Repetition in Japanese vs. English

by Doreen Simmons

Once again kindly Aunt Eva is here to cluck over your problems and give you a shoulder to cry on. You take her advice at your own risk, of course; only you can gauge your own situation.

 

Dear Aunt Eva,

Writers of good English eschew repetition, but writers of good Japanese seem to have a much greater tolerance. (Not to mention writers of bad Japanese—I once translated a white paper in which the term “environmental conservation” occurred six times in a single sentence.) In my translation, when I’ve exhausted all the available synonyms I am sometimes reduced to using the same word twice, but editors always pounce. For your average words, such as “eschew” or “pounce,” how many pages should have elapsed before reuse? Are there any words which can only be used once in an entire book?

Signed,
Evvie Anded

Aunt Eva answers:

Ah, memories, memories. Aunt Eva well recalls the narration job she did for the Welfare and Self-Insurance Section of the Federation of Small- and Medium-sized Enterprises—a name that is fairly snappy in Japanese, but a bit unwieldy in English. The translator, her old friend U. Piszov, had used all the tools of the trade—for example, merging clauses so that the subject was used only once, and using short forms like “the association,” “it,” or simply “we”—and had thereby most capably reduced the frequency of the name from once a line to once a paragraph.

No dice. The sponsors were paying big money (by their standards) to glorify their achievements at a world congress of benevolent societies, and they were not going to let themselves be short-changed. The full name was reinstated throughout. Fortunately, the technical challenge of getting her mouth round the organization’s name every nine or ten seconds prevented Aunt Eva from ruining her professional reputation by laughing out loud at the result.

But let us return to our muttons. A good general rule is that the more unusual and seductive the word, the less it can be used. Because it is memorable, the alert reader will notice it the second time it comes up—and will like it less. Fancy words are like cream buns: two are not twice as nice as one, and ten eaten at one sitting definitely do not make you feel ten times as good.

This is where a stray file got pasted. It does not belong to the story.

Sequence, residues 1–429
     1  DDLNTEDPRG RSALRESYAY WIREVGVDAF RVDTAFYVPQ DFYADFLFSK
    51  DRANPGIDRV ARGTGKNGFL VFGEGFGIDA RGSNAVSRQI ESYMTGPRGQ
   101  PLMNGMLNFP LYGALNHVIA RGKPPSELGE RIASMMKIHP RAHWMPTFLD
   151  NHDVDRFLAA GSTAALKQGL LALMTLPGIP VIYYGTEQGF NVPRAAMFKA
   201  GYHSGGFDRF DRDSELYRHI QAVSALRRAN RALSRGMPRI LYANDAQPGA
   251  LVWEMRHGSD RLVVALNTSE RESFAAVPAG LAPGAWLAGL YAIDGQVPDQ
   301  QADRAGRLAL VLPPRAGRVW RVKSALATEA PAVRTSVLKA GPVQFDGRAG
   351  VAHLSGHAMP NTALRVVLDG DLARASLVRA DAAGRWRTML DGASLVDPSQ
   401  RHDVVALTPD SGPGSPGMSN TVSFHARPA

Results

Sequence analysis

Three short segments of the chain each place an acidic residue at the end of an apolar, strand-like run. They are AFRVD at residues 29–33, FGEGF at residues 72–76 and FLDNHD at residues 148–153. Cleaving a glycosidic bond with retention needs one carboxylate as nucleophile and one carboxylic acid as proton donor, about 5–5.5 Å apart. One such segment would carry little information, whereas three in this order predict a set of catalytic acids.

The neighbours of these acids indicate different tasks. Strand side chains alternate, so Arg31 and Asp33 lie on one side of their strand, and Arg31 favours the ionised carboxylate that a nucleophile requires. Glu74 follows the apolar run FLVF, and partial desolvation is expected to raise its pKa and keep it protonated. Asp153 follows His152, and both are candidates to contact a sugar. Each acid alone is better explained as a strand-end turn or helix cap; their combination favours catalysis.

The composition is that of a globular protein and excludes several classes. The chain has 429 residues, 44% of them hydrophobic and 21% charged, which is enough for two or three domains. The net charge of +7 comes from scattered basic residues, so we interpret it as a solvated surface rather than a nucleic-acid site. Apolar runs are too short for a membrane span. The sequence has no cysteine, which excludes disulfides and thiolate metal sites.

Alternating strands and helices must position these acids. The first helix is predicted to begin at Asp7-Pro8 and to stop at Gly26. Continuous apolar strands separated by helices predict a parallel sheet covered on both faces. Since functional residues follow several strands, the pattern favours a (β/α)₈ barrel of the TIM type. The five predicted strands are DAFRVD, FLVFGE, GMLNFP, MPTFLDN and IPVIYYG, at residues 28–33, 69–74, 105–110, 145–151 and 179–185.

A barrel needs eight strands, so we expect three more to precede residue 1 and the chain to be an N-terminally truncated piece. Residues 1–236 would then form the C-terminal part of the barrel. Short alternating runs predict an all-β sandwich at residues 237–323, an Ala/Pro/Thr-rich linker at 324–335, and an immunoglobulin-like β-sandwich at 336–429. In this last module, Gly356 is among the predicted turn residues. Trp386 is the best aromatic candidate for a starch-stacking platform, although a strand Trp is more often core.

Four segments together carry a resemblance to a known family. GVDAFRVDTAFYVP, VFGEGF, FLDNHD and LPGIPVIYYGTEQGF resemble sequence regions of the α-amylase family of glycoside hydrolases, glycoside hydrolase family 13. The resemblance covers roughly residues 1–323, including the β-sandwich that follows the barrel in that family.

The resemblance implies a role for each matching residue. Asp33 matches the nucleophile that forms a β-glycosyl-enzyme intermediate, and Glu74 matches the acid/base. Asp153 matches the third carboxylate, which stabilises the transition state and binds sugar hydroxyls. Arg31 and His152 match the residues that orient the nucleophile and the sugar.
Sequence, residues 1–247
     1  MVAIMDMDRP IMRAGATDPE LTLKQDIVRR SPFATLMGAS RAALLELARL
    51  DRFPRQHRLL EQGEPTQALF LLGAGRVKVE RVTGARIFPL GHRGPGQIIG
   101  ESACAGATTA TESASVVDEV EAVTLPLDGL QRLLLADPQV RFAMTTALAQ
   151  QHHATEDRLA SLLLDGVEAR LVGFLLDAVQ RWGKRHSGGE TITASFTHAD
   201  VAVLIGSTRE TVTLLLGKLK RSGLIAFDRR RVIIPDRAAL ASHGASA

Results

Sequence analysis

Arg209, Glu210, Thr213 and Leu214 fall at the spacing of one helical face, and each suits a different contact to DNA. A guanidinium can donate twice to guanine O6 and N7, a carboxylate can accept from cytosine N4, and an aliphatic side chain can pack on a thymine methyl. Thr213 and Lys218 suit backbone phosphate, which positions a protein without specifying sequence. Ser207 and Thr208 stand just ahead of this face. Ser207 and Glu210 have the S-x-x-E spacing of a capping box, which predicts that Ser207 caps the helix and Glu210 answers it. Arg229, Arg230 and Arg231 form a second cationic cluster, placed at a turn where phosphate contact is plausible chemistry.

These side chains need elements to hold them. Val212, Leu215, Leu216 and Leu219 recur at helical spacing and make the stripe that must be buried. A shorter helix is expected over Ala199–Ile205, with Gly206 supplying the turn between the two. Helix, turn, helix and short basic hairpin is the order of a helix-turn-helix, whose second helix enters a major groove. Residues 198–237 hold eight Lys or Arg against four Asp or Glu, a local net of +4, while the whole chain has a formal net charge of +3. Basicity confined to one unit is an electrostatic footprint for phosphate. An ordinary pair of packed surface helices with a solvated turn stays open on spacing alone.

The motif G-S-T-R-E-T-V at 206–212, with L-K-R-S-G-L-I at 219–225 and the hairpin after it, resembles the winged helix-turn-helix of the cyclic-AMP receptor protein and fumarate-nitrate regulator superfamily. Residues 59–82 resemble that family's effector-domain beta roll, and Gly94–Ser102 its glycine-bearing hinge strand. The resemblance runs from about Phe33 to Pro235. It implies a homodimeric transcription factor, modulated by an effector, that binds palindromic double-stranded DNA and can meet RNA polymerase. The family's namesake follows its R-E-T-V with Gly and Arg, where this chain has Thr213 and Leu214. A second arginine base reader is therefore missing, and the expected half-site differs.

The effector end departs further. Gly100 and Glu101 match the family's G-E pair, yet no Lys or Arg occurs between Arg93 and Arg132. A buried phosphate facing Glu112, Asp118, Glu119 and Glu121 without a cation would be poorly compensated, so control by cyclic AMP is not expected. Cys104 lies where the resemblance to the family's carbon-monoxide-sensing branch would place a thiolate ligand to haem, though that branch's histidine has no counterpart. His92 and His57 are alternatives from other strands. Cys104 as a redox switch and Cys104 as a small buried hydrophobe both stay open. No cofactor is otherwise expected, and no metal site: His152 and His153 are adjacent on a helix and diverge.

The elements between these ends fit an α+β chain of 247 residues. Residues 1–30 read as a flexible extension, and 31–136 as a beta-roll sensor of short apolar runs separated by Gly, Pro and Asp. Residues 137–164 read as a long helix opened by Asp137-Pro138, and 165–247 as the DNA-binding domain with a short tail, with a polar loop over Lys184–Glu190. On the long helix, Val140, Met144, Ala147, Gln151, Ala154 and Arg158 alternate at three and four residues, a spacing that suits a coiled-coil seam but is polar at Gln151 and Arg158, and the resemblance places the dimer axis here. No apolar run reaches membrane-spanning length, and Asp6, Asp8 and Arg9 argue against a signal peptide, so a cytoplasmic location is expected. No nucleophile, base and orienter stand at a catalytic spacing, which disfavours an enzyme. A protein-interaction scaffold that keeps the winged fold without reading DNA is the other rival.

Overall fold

In the case of regular, bread-and-butter words, your strategy depends on the context. In a specialist paper, especially one that has a lot of long names, it is essential to find a usable abbreviation and sell the client on it in advance. This is how those apparently silly United Nations acronyms came into being. IMF is three letters; it represents International Monetary Fund, which has 25 letters and 10 syllables. FAO represents 30 letters, and 11 syllables; you can work out the Intergovernmental Maritime Consultative Organization (IMCO) for yourself.

Signed,
Eva Hartupp

Quickie question:

In your last sentence you used ‘represent’ twice in two lines. Is this repetition acceptable?

Aunt Eva answers:

Especially in Japan, we find translators struggling not to repeat themselves at all: “26% of the respondents replied . . . , another 10% were of the opinion . . . , while 33% opined . . . , and a further 23% stated . . . ; on the other hand, 8% denied having any interest in the subject.” Fowler’s Modern English Usage, under “Elegant Variation,”  provides a suitable rejoinder: “It is the second-rate writers, those intent rather on expressing themselves prettily than on conveying their meaning clearly, and still more those whose notions of style are based on a few misleading rules of thumb, that are chiefly open to the allurements of elegant variation. But the real victims, first terrorized by a misunderstood taboo, next fascinated by a newly discovered ingenuity, and finally addicted to an incurable vice, are the minor novelists and reporters.” So there.

Unfortunately there are people in high places in Japanese academe who could do a clause analysis of that sentence and yet not get the point of what Fowler is saying.  In that case, Aunt Eva’s advice is: Negotiate. Failing that, weep.

From Newsletter Number 72 (October 1996)